Press : West Austin News

One day back in the early 80s, a high school student named Rick Scheen was scraping windows at a construction job in Shreveport, Louisiana. He had just noticed a couple of sharply dressed men when a fancy car pulled up and the driver got out to talk. Rick could hear their conversation and it went something like, “You got time for some golf? Oh yeah, my sticks are in my back seat. Sure, let’s go.” Then they drove off.

Rick turned to a nearby construction worker and asked, what do those people do? The worker laughed and said, “They’re landscape architects.” At that point, a spark was ignited. Two years later, when Rick’s mother tossed the LSU course guide down on their kitchen table and suggested that he pick a major before he headed off for college, he started thumbing through it and then a light came on in his head—“my interest in building and construction . . . those guys I saw. . .landscape architecture!”

It’s always amazing to me when I hear a story like this. Point being, from the time he graduated from LSU’s nationally-renowned landscape architecture program in 1992, Rick Scheen has ascended to the pinnacle of his profession with the company he founded in 2000: LandWest Design Group.

How does the July 2008 cover of Architectural Digest for his firm’s work for Lance Armstrong’s West Austin home strike you? In short, since the company’s founding in 2000, Rick and his company have compiled an elite listing of customers, including international sports figures, Fortune 500 executives, and several of Austin’s homegrown billionaires.

Not bad for a Louisiana boy who once wanted to be a professional bass fisherman.

If I had to identify the most compelling “successful person” trait that Rick possesses, it’s the ability to instantly make up his mind and then act on it with ferocious zeal. (On that point, though I’d never met him before, I knew who he was as soon as he entered a West Austin coffee shop. This guy brings a lot of energy with him.)

For example, at one point in his college career, he had gotten fed up with a lot of things and decided that he would join the Army and get into the branch that would take him where he wanted to go the fastest. He made an almost perfect score on the written test and could have gotten into any career path available, but his criterion was that he wanted to join and be out of Baton Rouge immediately. With some guidance from the recruiter, a few days later Rick had dropped out of college and was in the infantry at Fort Benning, Georgia. In one year, Rick worked his way into an engineering unit, still following his interest in building and construction. What did he learn there? For one thing, how to operate many kinds of heavy machinery – and that knowledge has served him well. “I can make a backhoe do just about anything—dance around, turn on a dime, whatever—so if I go to one of my job sites and see a guy not doing it right, I can step in and show him.” (He also learned that being in college wasn’t such a bad deal, so he went back to school.)

After earning his degree in 1992, Rick did extensive professional work in Louisiana and then came to Austin. After rising from an entry level position to running the entire residential division of a large Austin landscape company (largely because he initiated taking on profitable residential jobs the firm was choosing not to pursue), he started LandWest Design Group in 2000.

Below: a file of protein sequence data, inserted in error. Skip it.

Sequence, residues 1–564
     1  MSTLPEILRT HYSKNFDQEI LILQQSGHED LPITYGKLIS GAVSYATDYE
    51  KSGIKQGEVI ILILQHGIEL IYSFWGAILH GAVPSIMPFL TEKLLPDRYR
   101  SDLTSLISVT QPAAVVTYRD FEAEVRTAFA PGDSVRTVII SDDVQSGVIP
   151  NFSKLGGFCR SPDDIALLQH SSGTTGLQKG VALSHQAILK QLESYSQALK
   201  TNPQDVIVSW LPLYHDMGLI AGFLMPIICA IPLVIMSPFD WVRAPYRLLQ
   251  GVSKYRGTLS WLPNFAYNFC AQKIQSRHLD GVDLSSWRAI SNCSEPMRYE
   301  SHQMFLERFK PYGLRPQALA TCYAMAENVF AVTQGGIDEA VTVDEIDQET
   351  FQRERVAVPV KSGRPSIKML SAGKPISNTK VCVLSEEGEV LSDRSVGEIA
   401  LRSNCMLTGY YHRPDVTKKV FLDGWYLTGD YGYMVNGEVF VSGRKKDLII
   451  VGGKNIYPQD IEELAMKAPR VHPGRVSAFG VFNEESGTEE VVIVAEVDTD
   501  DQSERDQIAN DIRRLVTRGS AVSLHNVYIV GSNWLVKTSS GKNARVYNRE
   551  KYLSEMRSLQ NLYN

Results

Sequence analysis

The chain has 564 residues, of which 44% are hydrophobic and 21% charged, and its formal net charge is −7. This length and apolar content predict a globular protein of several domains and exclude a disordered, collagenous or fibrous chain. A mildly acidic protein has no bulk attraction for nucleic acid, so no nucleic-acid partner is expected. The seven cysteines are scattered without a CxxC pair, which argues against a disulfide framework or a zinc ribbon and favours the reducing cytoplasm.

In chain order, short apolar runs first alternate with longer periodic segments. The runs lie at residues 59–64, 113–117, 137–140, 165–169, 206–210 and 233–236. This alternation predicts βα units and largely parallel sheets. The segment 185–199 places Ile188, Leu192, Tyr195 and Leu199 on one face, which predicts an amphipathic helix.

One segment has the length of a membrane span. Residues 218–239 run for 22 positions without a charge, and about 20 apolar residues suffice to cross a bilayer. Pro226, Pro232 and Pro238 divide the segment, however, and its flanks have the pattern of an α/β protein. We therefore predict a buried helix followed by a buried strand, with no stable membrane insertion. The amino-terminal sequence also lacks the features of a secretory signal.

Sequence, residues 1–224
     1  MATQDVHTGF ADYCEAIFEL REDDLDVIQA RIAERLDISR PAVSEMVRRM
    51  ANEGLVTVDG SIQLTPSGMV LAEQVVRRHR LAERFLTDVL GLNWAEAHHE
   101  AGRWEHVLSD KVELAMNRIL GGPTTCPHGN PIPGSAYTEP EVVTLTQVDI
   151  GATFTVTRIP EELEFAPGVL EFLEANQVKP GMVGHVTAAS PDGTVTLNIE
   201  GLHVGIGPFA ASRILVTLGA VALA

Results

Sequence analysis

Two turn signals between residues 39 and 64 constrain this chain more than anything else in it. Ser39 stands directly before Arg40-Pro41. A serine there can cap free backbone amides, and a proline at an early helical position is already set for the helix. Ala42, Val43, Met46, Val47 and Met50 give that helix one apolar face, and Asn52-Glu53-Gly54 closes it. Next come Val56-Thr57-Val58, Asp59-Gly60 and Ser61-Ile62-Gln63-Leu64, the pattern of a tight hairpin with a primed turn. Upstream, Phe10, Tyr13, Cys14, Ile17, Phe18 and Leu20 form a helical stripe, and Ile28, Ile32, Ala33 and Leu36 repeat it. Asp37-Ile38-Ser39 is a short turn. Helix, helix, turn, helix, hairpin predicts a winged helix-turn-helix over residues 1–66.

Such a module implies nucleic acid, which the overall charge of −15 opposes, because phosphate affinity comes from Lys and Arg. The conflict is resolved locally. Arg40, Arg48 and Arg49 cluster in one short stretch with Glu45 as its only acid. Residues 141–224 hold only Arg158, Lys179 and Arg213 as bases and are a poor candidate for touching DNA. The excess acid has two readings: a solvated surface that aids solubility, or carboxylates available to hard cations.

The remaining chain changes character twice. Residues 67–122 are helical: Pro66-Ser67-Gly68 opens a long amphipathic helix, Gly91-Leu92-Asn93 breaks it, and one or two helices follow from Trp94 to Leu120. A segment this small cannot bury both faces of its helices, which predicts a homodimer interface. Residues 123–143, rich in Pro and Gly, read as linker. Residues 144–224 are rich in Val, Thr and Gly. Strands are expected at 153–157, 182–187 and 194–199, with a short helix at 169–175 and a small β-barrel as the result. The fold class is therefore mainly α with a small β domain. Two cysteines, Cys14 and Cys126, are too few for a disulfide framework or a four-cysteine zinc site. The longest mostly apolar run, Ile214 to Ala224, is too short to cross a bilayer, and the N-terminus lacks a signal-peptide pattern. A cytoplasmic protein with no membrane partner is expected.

Rick says that he did $1.5 million in work the first year, but after 9/11, things “got rough.”

But he’s persevered and now has 50 people working for him, including three landscape architects Rick believes to be the best in town. “And we’re all on the same page.”

So how does he approach his projects? “It’s all about education and everyone buying into the process.”

Rick says that obviously, whether you are talking about a $50,000 project or a project with a budget north of $12,000,000, it is critical that you come up with the right answers. But that is something he has done a lot of times now.

“There are all kinds of answers, but you have to include a lot of factors in your thinking. For a new project, who is the architect? The builder? We don’t just take a picture and then paint by the numbers. If it’s architect X, I know that the feel of the home is going to be different from someone else, so that colors my thinking.”

This is where Rick really got fervent about all the things you need to find out on jobs LandWest handles – whether big or small.

“Where do the pathways lead? How do service people approach the property? Is there a way to direct the paths so that the pool guy won’t track mud on a sidewalk each time he shows up? Which way does the wind blow most of the time and where should the pool be placed or sheltered to prevent leaves going in it? How high the steps should be is dependant on who will be using them and how long you intend to live at this residence – do you plan to be in this home for the rest of your life? Do you have plans to entertain and will you need spaces for concerts? If you need valets at your parties, what are the best places for entry and egress? Do you require handrails for elderly relatives? And there are overall aesthetic questions—should the stonework be gray, white, cream? What type of design is the house (Old World, Modern, etc.)? Would brighter plants work better or should the feel be softer? What about drainage?”

It’s obvious that Rick knows that the details add up to make the big picture right. And his ability to make quick decisions and act on them has served him well.

(By the way, he still likes to go bass fishing.)